Daigo-ji, Kyoto: Travel Guide + Photos
Daigo-ji is a hidden gem in the 17 UNESCO World Heritage Sites in Kyoto. The temple complex is in the same ward as the impressive Fushimi Inari Taisha. It’s just far enough out of Kyoto that the throngs of usual tourists aren’t typically found here.
In this article:
Daigo-ji 「Daigo Temple, 醍醐寺」 is named after Mt Kami-daigo where the first structures of the temple were built in the late 800’s. The entire temple complex is quite large and you could easily spend a whole day here.
Daigo-ji consists of 3 parts:
- Kami-Daigo (upper mountain area)
- Shimo-Daigo (lower part)
- Sanbō-in (garden area)
Unfortunately I didn’t have a whole day to see all of the temple complex. This article shows the buildings and grounds found in the Shimo-Daigo 「下醍醐」 area which contain the iconic Benten-dō Hall and ancient five storied pagoda (which has been standing for over 1000 years).
Explore the Shimo-Daigo area of Daigo-ji
Niō-mon 「Nio Gate, 仁王門」
This gate marks the entrance to the Shimo-Daigo area. The Nio-mon gate here at Daigo-ji is of the zuishi-mon「随身門」 style of tower gates, just like the zuishi-mon tower gate at Kanda Shrine in Akihabara, Tokyo.
Niō 「Fierce “Benevolent Guardian Spirits”, 仁王」
Either side of the central walkway through the Nio-mon gate are huge Nio statues. These are fierce protective spirits guarding the entrance to this area of the temple. These two statues were built in 1134, escaping multiple fires at the temple.
Kon-dō 「Golden Hall, 金堂」
The Kon-dō at Daigo-ji is the main hall for the temple. Just like many other historic temples across Japan, Daigo-ji is actively used by Buddhist monks, many living on or around the temple grounds. If you’re lucky, you’ll spot them walking in order lines to and from buildings, or hear them chanting sutras within the halls.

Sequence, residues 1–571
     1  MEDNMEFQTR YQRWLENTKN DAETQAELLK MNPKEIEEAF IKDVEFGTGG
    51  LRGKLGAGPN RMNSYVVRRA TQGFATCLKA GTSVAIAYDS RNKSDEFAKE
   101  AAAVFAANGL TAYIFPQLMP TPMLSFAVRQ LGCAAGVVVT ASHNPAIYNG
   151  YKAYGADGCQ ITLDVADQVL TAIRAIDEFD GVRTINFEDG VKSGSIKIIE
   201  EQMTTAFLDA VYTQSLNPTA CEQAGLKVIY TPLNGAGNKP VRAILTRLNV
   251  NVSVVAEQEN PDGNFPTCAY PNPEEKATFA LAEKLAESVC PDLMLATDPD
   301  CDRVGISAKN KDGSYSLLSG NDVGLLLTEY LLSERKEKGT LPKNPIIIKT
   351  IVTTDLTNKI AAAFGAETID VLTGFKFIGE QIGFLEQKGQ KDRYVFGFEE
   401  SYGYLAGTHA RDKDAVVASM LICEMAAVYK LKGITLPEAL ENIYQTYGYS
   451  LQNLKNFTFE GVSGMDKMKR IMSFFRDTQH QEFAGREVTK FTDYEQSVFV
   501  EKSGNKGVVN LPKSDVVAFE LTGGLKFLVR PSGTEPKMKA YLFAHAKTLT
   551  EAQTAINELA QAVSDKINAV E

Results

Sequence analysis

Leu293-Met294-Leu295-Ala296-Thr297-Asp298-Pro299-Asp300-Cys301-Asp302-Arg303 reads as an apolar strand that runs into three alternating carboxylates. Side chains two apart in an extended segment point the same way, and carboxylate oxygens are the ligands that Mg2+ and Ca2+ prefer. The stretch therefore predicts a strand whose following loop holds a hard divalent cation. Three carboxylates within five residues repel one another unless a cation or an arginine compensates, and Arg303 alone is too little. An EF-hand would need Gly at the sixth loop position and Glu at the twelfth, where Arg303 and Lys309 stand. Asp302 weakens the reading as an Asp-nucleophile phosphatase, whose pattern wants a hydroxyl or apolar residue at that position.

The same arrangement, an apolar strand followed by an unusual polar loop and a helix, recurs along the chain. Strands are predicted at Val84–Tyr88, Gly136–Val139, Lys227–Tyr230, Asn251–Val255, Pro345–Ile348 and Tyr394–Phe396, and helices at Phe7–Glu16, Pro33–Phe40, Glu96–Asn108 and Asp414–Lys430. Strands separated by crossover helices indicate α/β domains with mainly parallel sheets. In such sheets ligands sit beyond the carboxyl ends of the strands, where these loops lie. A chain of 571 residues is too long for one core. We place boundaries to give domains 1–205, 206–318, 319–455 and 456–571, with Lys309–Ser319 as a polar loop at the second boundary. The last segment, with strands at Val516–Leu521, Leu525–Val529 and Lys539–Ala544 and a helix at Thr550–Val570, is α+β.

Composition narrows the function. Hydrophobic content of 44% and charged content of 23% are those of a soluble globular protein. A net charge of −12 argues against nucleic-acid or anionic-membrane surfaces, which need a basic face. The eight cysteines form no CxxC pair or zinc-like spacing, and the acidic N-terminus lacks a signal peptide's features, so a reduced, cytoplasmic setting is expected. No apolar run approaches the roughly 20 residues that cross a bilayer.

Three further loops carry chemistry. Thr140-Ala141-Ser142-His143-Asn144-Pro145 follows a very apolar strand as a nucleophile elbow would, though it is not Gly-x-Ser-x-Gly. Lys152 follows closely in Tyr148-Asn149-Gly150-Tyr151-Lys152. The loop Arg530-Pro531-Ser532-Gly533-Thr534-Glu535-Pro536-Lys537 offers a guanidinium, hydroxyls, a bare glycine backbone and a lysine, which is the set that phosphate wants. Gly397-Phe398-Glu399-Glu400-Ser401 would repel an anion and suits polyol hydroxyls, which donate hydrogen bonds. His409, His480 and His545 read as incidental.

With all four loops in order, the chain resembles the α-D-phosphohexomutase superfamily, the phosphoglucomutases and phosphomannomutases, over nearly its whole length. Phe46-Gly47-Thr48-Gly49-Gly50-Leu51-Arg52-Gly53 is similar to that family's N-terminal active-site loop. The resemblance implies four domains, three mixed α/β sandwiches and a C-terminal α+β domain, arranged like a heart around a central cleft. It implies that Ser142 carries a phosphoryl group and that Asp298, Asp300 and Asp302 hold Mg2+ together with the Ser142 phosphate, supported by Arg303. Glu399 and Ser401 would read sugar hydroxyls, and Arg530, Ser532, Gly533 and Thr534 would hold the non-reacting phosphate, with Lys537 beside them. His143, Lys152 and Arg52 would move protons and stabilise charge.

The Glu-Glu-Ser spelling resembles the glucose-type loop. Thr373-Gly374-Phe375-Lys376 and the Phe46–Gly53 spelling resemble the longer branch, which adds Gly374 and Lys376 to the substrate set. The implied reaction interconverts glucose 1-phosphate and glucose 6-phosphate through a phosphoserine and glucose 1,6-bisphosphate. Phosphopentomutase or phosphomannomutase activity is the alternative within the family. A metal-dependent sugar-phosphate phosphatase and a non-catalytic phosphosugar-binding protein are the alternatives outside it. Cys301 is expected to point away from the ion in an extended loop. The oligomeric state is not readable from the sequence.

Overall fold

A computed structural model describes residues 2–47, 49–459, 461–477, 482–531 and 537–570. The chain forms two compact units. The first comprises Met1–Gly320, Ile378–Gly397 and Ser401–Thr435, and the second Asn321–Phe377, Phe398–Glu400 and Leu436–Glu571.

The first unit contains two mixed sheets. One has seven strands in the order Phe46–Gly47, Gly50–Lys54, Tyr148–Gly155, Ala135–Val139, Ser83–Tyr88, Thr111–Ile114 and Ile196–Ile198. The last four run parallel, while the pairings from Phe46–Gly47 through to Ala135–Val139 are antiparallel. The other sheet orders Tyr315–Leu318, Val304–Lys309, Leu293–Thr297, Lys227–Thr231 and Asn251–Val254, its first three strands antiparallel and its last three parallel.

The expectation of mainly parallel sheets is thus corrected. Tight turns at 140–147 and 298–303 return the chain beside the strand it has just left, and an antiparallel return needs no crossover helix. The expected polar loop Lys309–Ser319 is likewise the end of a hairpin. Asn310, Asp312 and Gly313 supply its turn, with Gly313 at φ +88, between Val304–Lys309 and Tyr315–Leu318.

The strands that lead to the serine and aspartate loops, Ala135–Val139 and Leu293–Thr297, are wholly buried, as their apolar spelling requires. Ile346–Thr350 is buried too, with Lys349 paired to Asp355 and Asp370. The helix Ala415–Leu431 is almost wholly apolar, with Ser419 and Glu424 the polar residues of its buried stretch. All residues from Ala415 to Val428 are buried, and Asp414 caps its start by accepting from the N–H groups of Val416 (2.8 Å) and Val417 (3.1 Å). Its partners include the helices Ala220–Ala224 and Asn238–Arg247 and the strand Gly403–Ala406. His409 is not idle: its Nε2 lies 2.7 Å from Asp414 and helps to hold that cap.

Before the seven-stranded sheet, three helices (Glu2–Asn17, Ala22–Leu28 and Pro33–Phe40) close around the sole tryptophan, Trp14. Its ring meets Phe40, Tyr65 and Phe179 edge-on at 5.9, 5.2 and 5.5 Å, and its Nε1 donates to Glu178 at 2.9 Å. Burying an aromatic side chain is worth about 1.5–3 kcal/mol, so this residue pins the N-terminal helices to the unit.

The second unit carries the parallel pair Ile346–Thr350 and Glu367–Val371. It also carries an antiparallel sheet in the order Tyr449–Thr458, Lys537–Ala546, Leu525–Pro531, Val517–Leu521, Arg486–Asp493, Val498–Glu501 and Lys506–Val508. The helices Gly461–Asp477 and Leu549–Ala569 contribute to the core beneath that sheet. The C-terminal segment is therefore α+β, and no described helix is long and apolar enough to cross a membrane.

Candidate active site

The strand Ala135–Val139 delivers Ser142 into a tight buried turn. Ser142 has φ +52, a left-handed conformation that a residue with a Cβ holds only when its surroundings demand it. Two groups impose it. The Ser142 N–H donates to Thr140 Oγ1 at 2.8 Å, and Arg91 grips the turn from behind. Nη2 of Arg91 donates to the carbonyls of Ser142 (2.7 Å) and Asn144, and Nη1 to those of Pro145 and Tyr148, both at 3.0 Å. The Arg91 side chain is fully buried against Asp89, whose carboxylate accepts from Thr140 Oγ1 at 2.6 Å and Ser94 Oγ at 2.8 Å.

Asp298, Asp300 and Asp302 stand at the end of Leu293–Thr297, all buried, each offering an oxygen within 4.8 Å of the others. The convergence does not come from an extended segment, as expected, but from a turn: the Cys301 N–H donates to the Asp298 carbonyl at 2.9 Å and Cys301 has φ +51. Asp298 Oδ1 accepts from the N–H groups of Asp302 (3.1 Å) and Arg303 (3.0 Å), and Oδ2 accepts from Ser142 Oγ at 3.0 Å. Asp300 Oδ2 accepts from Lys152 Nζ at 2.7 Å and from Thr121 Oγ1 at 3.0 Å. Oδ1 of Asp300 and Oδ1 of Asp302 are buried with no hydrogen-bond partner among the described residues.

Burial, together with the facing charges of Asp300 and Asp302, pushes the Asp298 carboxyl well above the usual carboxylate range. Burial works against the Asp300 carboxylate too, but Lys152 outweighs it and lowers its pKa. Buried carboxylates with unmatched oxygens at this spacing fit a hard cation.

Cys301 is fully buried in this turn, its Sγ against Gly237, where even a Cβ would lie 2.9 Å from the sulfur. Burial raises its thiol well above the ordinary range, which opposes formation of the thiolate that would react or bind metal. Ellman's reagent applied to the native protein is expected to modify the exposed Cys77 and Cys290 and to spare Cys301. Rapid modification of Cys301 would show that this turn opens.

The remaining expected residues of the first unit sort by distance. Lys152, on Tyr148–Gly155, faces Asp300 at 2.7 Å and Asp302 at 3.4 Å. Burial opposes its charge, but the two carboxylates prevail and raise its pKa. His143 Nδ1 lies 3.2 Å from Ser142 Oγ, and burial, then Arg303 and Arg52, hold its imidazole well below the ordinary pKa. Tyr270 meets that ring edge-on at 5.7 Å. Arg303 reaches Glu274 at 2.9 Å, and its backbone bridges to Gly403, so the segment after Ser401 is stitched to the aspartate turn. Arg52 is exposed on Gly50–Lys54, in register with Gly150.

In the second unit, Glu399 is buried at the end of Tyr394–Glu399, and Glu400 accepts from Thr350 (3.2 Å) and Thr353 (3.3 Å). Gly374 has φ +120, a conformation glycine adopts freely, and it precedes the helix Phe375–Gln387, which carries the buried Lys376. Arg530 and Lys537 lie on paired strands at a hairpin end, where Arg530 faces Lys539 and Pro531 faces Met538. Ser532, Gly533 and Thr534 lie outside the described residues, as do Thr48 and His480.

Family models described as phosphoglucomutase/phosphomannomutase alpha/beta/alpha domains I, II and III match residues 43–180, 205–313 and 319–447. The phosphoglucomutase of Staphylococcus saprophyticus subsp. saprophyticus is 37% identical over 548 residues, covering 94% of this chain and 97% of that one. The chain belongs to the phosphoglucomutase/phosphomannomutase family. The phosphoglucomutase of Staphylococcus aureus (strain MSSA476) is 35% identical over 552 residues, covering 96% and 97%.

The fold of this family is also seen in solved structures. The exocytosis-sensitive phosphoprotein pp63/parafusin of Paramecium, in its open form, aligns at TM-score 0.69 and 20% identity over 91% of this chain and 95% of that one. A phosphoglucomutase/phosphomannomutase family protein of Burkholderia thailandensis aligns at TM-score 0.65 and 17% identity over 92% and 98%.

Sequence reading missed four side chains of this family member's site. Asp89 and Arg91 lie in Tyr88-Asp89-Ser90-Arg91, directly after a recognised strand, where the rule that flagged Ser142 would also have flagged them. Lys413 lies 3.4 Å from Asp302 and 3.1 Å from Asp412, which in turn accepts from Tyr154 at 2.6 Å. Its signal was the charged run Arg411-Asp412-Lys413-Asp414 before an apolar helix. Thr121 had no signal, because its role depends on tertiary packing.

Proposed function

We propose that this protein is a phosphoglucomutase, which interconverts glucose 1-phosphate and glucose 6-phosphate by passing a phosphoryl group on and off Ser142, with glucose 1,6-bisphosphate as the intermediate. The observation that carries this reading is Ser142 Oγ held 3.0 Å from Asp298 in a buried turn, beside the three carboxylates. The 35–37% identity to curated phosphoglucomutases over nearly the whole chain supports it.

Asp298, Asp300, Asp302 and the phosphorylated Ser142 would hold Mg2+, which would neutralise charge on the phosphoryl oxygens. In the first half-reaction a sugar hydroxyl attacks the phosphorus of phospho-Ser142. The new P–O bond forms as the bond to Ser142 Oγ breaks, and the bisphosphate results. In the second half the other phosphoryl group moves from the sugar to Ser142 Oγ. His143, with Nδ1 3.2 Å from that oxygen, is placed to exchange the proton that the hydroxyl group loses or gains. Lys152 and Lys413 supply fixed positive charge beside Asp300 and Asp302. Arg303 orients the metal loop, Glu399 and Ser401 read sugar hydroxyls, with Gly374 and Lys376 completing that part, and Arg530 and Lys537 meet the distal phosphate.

Although Daigo-ji has, in some form or another, had a main hall for many centuries, this particular structure was built in 1600. It was relocated here all the way from Wakayama Prefecture, about 100km to the south.
Fudo-dō 「Fudō-Myō-o Guardian Deity Hall, 不動堂」
Beside the large Golden Hall is the smaller Fudo-dō. This hall is dedicated to the Fudō-Myō-o Guardian Deity. Inside the hall are 5 statues, with the Fudō-Myō-o being the largest of the 5 and taking the most central place. This deity is also shown on a large stone in the hall’s courtyard.
Daiko-dō 「Large Lecture Hall, 大講堂」
The Daiko-dō was built in 1930 on the 1000th anniversary of Emperor Daigo’s death. Although the temple was not named after Emperor Daigo, he was alive in the early years of the temple’s formation and ordered many buildings to be constructed.
Benten-dō 「Benzaiten Goddess Hall, 弁天堂」
The Benten-dō is one of the key icons of Daigo-ji. It is one of the most photographed structures here, and looks stunning at any time of year. The small vermillion coloured Benten-dō hall is dedicated to Benzaiten, a Buddhist goddess.
Gojū-no-to 「Five Storied Pagoda, 五重塔」
The gojū-no-to 「five storied pagoda, 五重塔」 at Daigo-ji is the building which inspired me to visit. It is an ancient architectural masterpiece and stands 38m tall. Inside the lower levels of the pagoda are various Buddhist paintings, ancient artworks telling an important history of Buddhism. These paintings have been dated back to the 1100s.